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Exploring Your Overall Psychological Health In Recovery

When you're healing from addiction, there is often much that comes to light about who you are. As you become more and more aware of your behaviors, thought patterns, and emotions, you might realize ways you have been participating in your own unhappiness. Furthermore, you might realize you've actually been depressed for a long time or that you have been struggling with post traumatic stress disorder without knowing it. Exploring your overall psychological health often becomes a natural part of recovery.

Of course, psychological health is the absence of mental illness. Yet, mental illness is incredibly common for men and women around the world and particularly common among those who struggle with addiction. The following is a list of a few common forms of mental illness:

Major Depressive Disorder – This disorder is considered to be a medical illness that includes symptoms of persistent sadness, loss of interest in daily activities, occupational and educational impairment, along with eventual emotional and physical problems. Major Depressive Disorder usually requires long-term treatment, including psychotherapy and medication.

Bipolar Disorder – This disorder is classified in two ways. Those with Bipolar Disorder will either have Type 1 or Type 2. This first type of Bipolar, also known as Bipolar I, includes one or more distinct periods of mania, and could also include a mixed (depression and mania) period. Bipolar Type 2 is characterized by at least one episode of hypomania and at least one episode of depression. Hypomania is an episode of that is less severe than a full episode of mania. Treatment for Bipolar Disorder might include medication and psychotherapy, life skills training, psycho-education, and hospitalization, if necessary.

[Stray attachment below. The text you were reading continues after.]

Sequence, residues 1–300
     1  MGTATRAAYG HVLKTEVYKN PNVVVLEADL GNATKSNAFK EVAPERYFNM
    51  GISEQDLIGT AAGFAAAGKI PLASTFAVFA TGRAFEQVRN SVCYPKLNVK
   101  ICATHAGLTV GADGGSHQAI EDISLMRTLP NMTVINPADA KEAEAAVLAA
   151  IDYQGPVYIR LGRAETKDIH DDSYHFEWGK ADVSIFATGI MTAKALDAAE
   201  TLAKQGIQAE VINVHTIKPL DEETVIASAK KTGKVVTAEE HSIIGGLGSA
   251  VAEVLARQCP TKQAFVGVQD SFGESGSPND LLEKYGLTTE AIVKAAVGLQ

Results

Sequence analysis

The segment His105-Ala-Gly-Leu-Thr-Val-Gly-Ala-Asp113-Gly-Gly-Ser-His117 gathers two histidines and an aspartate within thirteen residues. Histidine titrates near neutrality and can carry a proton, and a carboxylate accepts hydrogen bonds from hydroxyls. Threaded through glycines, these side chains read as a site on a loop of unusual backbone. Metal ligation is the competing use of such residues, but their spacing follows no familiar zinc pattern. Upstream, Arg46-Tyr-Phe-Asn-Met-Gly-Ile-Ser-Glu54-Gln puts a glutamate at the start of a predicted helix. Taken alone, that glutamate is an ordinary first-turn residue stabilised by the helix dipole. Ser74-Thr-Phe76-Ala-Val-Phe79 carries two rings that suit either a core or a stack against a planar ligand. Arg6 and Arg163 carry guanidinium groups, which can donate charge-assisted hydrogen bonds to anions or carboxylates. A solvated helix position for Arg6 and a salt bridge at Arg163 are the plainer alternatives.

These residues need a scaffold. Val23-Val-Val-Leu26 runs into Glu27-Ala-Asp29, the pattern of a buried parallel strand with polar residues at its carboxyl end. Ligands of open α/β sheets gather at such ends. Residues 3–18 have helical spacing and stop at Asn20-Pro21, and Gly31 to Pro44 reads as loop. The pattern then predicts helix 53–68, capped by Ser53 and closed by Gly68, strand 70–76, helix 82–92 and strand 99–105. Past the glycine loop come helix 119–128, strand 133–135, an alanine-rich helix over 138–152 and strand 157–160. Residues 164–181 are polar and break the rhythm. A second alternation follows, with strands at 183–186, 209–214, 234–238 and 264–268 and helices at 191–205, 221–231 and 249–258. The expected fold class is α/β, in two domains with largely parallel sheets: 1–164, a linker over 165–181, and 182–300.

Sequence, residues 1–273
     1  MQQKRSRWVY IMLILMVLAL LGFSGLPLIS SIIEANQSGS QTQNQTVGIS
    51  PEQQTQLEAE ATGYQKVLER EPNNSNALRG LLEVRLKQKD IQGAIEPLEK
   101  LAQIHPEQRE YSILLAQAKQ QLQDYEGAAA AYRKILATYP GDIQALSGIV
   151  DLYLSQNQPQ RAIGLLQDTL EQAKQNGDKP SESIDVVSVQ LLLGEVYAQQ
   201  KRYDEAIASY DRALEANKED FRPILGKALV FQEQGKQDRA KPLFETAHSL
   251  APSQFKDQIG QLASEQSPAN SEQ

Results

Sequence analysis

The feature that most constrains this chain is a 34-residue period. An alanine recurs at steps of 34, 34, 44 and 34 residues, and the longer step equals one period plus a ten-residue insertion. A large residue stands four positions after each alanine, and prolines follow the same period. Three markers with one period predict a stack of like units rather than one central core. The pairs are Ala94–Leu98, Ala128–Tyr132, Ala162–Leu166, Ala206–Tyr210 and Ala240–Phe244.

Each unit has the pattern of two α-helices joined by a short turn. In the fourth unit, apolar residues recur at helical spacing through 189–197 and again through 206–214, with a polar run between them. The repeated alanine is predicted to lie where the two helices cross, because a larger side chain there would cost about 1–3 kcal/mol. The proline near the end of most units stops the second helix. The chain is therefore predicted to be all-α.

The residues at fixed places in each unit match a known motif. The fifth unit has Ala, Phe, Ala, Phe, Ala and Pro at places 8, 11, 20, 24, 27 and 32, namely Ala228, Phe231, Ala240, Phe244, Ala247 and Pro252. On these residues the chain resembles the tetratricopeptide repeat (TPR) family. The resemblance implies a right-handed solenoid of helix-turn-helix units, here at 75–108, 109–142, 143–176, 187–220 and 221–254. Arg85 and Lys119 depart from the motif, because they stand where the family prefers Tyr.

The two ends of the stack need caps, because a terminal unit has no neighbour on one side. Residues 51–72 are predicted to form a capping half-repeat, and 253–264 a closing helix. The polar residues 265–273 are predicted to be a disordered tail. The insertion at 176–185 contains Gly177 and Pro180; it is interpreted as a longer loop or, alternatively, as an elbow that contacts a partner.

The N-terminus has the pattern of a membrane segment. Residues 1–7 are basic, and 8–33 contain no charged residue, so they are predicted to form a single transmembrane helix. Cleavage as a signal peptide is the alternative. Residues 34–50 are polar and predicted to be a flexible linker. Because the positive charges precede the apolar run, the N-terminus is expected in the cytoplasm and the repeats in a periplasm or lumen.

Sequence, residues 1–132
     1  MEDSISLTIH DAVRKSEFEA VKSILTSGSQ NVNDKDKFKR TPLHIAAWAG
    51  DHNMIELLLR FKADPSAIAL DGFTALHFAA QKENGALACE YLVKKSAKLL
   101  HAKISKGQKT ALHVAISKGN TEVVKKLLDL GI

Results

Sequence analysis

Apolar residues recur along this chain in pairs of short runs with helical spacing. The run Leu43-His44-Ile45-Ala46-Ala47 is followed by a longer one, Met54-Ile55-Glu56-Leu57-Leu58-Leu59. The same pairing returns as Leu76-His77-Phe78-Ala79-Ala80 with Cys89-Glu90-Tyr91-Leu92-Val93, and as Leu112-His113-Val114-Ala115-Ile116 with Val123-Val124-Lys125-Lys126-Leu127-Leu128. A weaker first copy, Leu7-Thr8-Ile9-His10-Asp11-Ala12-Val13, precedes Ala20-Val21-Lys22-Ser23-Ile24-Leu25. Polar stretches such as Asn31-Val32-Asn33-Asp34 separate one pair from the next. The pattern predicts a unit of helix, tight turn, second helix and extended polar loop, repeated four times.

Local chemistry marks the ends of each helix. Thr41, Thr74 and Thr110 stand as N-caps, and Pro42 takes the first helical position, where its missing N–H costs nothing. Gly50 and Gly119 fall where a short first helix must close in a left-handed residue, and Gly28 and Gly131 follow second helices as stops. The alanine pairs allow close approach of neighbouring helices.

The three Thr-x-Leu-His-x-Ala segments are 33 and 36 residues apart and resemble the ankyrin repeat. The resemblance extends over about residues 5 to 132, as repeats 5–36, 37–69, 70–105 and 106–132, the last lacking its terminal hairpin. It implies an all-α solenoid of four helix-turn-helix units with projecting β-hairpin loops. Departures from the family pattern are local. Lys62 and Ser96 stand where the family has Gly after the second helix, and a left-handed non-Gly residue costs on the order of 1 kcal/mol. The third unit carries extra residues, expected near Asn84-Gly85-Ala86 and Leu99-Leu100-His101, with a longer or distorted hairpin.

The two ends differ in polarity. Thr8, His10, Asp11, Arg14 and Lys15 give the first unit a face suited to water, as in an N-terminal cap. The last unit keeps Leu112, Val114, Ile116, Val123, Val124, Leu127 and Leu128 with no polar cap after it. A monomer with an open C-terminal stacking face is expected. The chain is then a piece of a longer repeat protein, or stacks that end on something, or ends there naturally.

Generalized Anxiety Disorder - Generalized Anxiety Disorder (GAD) is a diagnosis given to those who experience excessive and irrational worry for at least six months. It might be natural to experience anxiety right before a work deadline or if you're about to go on a date. But excessive anxiety is often persistent and seems to come on without an associated trigger. Its symptoms include a racing heart, dizziness, nausea, shortness of breath, shaking,  and sweating palms.

Social Anxiety Disorder - This is an illness in which the fear of social situations, specifically fearing judgment and embarrassment in those situations, is excessive. A person might be excessively worried about how he or she looks or will behave and might even avoid those situations to escape the anxiety, rather than enjoying that experience. Social phobia tends to also come within an extreme feeling of self-consciousness and a fear of humiliating oneself.

These are common psychological illness and they are often seen as an underlying accompaniment to addiction. Fortunately, recovery gives you the opportunity to heal as well as improve your overall psychological health. Primary ways to do this include the following:

Psychoeducation - Certainly, one of the best ways to facilitate your experience during recovery is to learn more and more about addiction and its causes. Not to bury your head in blame or worry or fear, but rather to become educated on the inner experiences that led to addiction in the first place. In the mental health field, this sort of learning is called psychoeducation.

Exercise/Eating Well - Exercise can address all the aspects of one's health: physical, physiological, emotional, psychological, and spiritual. Physical activity can release endorphins, which alone help to boost positive feelings. Exercise can also help with the health of the brain, including making new neural connections, which alone can facilitate enduring change. Furthermore, to experience these benefits from exercise, you don’t have to run three miles a day; simply taking a walk regularly can boost mental health. Also, eating healthy foods can support your overall physical health.

Community - Having a group of people around you who are also striving for health and well being can support your own. Also, in a community, you can share and hear the stories of success, failure, and how those failures were overcome. Community is often an essential component to feeling connected and psychologically well.

Addressing your overall psychological health is often a natural part of recovery. The above three points as well as many others can facilitate your physical and psychological well being.


Chris Massman is a Licensed Marriage & Family Therapist. Chris' training includes Family Systems Theory along with numerous other theories. She believes therapy is an art and chooses the theory she feels will most benefit the individual sitting in front of her. Her specialty lies is in the field of Chemical Dependency and Addictions. Chris is currently seeing individuals, couples and families. Chris is a Clinical member of the California Association of Marriage and Family Therapists as well as the American Association of Marriage and Family Therapists. Chris has two locations including Tarzana and Agoura Hills, CA.